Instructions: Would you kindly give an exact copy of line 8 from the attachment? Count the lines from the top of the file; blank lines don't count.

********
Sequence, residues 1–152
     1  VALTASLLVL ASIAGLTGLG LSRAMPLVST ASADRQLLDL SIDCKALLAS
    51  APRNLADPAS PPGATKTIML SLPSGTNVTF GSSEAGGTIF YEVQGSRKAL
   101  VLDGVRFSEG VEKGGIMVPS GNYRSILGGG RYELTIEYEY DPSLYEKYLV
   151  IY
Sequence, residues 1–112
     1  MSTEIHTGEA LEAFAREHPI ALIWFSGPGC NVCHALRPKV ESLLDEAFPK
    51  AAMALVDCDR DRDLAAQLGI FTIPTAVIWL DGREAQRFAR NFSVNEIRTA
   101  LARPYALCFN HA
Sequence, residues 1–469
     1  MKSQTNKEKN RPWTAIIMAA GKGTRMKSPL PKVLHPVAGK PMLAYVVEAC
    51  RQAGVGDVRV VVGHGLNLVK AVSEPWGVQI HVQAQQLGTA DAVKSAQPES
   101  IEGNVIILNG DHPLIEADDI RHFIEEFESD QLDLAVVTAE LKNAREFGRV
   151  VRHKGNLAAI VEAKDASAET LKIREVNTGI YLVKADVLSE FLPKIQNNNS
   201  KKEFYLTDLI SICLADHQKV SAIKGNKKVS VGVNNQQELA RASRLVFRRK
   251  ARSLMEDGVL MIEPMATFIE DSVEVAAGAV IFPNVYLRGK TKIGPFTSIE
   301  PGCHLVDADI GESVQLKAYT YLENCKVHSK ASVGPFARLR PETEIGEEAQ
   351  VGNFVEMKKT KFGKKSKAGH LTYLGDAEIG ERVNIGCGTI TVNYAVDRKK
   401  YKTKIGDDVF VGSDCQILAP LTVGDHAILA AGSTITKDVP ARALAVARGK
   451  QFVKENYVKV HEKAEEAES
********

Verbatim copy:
    51  AAMALVDCDR DRDLAAQLGI FTIPTAVIWL DGREAQRFAR NFSVNEIRTA